Saturday was a bright, fine, windy day. All down the long hill of Moss Street, from the art gallery to the ocean, artists had set up display stalls. On the lawns behind and the driveways between, entrepreneurial children set up lemonade stands while their parents sold pottery. This is the Moss Street Paint-in, almost certainly the best-attended event of the local calendar.

There are a few elements I always look forward to -- artists whose work I've been following for decades, a vintage garage sale halfway down the hill -- but you must be prepared for dense (if friendly) crowds and a certain uniformity, or at least consistency, of subject and technique. (When I first attended, this meant oversized portraits of flowers in watercolour; now it often means glint-eyed ravens in encaustic.)

Yesterday, once I'd braved the art gauntlet, I sat down on the grass at Clover Point and, diffusely inspired, tried to sketch, but the flat lines of clifftop, sea, horizon, did not yield much to my lazy pencil.

Below me, nearer the cliffs, a paraglider was busying himself folding and unfolding billows of red and white fabric, so I tried to sketch him instead. For a long time I couldn't tell if he was packing up or setting out.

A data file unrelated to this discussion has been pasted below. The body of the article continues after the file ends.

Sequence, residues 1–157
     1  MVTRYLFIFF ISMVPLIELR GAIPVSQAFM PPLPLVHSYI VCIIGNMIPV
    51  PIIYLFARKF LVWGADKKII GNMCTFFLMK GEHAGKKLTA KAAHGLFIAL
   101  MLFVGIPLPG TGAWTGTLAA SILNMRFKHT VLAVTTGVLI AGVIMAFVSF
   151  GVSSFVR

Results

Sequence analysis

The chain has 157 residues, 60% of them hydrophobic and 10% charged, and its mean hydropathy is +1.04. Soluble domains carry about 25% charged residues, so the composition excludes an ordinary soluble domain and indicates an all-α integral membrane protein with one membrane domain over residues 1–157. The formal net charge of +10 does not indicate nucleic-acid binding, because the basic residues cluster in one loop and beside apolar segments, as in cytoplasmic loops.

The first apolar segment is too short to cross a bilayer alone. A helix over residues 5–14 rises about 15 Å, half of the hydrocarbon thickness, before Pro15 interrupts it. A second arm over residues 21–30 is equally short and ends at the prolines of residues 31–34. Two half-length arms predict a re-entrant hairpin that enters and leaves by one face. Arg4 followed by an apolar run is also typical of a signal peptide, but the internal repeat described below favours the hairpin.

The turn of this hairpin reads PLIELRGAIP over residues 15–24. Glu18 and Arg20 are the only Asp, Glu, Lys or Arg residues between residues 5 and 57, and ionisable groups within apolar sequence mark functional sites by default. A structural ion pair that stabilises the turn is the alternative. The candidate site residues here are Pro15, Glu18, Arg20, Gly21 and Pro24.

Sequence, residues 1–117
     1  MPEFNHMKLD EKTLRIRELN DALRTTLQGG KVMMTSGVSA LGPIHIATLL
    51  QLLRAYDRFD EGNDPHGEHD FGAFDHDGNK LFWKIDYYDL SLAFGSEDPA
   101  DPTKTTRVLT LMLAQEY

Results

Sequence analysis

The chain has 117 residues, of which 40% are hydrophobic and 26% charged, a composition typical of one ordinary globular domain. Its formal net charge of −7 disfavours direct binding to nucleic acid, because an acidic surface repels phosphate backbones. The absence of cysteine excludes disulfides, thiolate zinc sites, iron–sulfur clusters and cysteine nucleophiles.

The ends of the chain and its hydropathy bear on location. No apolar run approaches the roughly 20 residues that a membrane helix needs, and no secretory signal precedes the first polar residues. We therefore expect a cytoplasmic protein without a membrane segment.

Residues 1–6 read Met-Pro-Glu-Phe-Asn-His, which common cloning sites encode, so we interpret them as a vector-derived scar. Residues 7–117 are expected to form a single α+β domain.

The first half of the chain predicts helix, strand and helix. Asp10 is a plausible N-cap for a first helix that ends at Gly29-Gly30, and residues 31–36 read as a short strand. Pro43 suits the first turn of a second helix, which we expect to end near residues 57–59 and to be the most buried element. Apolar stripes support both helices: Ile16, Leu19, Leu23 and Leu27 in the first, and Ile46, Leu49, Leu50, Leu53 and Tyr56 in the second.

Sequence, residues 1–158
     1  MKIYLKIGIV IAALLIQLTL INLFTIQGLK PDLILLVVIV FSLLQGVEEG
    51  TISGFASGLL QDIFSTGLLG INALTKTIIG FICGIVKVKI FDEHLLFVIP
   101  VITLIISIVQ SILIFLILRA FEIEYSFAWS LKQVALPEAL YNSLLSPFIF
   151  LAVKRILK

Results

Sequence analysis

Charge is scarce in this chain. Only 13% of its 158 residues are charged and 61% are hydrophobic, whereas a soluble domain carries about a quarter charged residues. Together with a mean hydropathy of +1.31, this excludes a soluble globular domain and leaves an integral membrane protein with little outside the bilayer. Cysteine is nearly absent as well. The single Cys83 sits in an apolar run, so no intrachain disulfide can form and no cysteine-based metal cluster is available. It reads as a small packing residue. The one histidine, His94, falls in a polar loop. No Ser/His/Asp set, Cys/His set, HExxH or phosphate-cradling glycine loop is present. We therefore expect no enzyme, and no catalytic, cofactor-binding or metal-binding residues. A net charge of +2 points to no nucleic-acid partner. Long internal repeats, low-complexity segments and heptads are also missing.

Finally he harnessed himself and hopped briskly up into the air. Immediately, the wind lifted him and set him down deeper into the grass, rather than swinging him out over the sea. Think of how you might move a small child or a kitten away from danger.

I thought, hmm, that doesn't seem right, but I suppose he knows what he's doing.

Soon I no longer supposed this. The next hop took him higher, but also directly out over the traffic on Dallas Road. This traffic was not insubstantial, but at least it was sightseeing-slow. A double-decker tour bus braked for him, and he went out of my sight for a moment. When the bus pulled away, I could see his chute woven into the telephone wires.

It occurred to me that I ought to go and see if he was all right.

He seemed to be. He was standing, unharnessed, talking with surprising ease to one of the traffic officers from the Paint-in.

I sat down on the fence to observe the chute extrication. A fire engine arrived, and then an ambulance. After long consultation, someone went into the back of the truck and meticulously set out two orange traffic cones. After this came a long lacuna, and eventually I left, so I can't say how it all turned out.